A field experiment was conducted on twenty species of wood, Acer pseudoplatanus, Dryobalanops aromatica, Fagus grandifolia, Fa. sylvatica, Fraxinus angustifolia, Fr. excelsior, Pterocarpus soyauxii, Quercus robur, Shorea laevis, S. marcoptera, S. robusta, Tectona grandis, and Xylia dolabriformis, imported from different countries, and a native grown rubber, Hevea brasiliensis, owing to its well-known susceptibility to termite attack (Table 1). Ten stakes measuring 30.5 cm × 3.8 cm × 3.8 cm and consisting of pure heartwood, avoiding sapwood and pith, of each species of wood were prepared. Care was taken to ensure that the stakes selected belonged to different logs in order to avoid pseudo-replications, and were free from large knots, stains, moulds, decay, and other defects. The stakes were dried to attain constant weight and then labelled. The stakes were weighed and then implanted in soil 60 cm apart in a completely randomized design at a termite test yard, which was severally infested with termites. The test yard was located in Nallal, Karnataka, India, between 13° 4′ 0″ N and 77° 47′ 53″ E, which has a semi-arid climate, an average rainfall of 826 mm, and a temperature range between 18.8 and 29.3° C. The soil is red, loamy, and acidic, with a water holding capacity of 37.77 mm per 15 cm of soil depth. This area is prone to termite attack, and has no fungal activity because of its dry weather. Each stake was half buried, for exposure to termite degradation in the ground condition. After a period of six months, the stakes were removed, brought back to laboratory, rinsed and scrubbed with a brush to remove all soil and carton material, and then oven dried and weighed. The weight loss was calculated by subtracting the weight of the stake recovered from the initial weight of the wood stake. The termites active in the area and on the test stakes were collected, preserved in 70% ethanol, and identified using taxonomic keys. Simultaneously, all the 21 wood species used in study were analyzed for their density (Indian standard 401:1982), cellulose content by Anthrone reagent method (Sadasivam and Manickam 1992), lignin content by Klason lignin method (Rowell 2005), and total phenolic content by Folin-Ciocalteau reagent method (Sadasivam and Manickam 1992).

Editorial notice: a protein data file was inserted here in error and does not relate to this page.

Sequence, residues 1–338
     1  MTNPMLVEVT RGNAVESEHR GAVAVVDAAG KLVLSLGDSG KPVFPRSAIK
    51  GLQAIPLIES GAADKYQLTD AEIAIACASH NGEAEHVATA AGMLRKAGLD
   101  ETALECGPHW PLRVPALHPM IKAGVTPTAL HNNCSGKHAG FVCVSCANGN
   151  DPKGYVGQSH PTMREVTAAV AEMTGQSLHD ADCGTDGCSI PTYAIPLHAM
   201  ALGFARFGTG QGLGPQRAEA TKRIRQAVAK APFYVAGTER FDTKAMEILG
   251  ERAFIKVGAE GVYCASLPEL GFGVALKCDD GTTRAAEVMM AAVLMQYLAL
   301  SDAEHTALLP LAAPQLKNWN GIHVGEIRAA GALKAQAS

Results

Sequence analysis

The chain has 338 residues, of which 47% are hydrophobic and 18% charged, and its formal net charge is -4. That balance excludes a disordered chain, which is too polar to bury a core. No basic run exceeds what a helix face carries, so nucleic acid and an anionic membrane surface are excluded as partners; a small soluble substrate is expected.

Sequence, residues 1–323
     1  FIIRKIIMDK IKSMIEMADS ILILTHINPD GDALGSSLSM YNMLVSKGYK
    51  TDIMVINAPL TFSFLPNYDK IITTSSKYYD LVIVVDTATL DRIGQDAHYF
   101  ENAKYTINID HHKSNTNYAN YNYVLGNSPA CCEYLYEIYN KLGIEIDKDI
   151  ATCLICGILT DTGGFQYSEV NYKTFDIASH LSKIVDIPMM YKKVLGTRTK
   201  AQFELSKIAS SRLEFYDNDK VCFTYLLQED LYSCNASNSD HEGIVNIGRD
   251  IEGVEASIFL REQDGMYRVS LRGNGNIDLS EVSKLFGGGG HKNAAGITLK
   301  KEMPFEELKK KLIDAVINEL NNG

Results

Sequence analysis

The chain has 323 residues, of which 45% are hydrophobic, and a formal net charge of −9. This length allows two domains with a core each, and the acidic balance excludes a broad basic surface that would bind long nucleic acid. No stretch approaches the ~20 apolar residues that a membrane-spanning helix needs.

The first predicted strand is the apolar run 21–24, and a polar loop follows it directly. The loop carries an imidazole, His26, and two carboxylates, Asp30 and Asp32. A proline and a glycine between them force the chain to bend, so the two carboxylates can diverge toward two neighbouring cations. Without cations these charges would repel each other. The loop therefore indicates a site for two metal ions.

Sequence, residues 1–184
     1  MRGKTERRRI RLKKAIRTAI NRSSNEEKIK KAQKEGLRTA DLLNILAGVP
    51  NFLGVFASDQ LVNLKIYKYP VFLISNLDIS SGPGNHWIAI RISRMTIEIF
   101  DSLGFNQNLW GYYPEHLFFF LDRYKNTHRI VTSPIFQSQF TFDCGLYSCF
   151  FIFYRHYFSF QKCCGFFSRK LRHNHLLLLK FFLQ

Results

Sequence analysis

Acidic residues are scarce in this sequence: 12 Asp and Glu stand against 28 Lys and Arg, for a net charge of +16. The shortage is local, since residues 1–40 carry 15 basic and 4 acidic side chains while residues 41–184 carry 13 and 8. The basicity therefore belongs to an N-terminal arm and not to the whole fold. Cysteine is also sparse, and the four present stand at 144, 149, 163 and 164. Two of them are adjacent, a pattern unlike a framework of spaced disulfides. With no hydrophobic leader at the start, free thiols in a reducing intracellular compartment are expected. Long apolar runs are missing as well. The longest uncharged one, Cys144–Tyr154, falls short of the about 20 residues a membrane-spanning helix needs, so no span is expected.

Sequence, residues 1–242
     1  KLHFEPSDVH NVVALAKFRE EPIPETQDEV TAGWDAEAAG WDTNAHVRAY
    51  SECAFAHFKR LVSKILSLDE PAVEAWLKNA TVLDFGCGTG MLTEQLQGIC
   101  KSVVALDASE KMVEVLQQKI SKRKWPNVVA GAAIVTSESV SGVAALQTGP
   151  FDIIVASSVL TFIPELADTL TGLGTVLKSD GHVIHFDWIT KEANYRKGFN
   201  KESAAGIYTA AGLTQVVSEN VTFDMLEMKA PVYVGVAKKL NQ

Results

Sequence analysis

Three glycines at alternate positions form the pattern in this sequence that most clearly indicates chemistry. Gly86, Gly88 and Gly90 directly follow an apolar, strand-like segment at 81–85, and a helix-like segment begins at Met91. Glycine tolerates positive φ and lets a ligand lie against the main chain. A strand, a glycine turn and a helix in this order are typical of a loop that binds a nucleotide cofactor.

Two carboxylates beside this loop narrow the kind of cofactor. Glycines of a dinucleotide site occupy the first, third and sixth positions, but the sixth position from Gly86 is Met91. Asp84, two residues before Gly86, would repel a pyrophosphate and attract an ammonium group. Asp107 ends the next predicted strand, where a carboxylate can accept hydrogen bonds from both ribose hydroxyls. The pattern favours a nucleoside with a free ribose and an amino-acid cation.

From the data collected, mean weight loss due to termite consumption was calculated. Differences in wood consumption by termites were compared using one-way Kruskal Wallis ANOVA because the test for normality failed. Mean weight loss was correlated with the physical and chemical parameters. All statistical analysis was performed by using SigmaStat® 3.1 statistical software (Systat, www.systat.com).
Results and Discussion
The test yard was found infested with four species of termites, namely Odontotermes horni (Wasmann) (Isoptera: Termitidae), O. feae, O. wallonensis, and O. obeus (Rambur). O. obesus was dominant among the species, followed by O. feae, O. horni, and O. wallonensis (Figure 1). The test yard is known for severe termite infestation, and the present observation confirms earlier reports (Krishnan and Sivaramakrishnan 1993; Rajamuthukrishnan et al. 2004). No fungal activity was observed on the wood species in the test yard, most likely due to the semi arid nature of the area, which has low atmospheric moisture and a scarcity of water. Therefore, the mass loss of wood in the experimental layout was found to be exclusively due to termite degradation, with different levels of weight loss in six months of implantation. The result of the Kruskal-Wallis one-way ANOVA on ranks revealed that there was a statistically significant difference (H = 101.017, df = 20, p = 0.001) in the rate of degradation in different wood species. Fa. sylvatica, Fr. angustifolia, Fr. excelsior, A. pseudoplatanu, and H. brasiliensis species experienced the most degradation. Q. robur showed moderate levels of degradation (Figure 2). The other species did not show any sign of termite attack.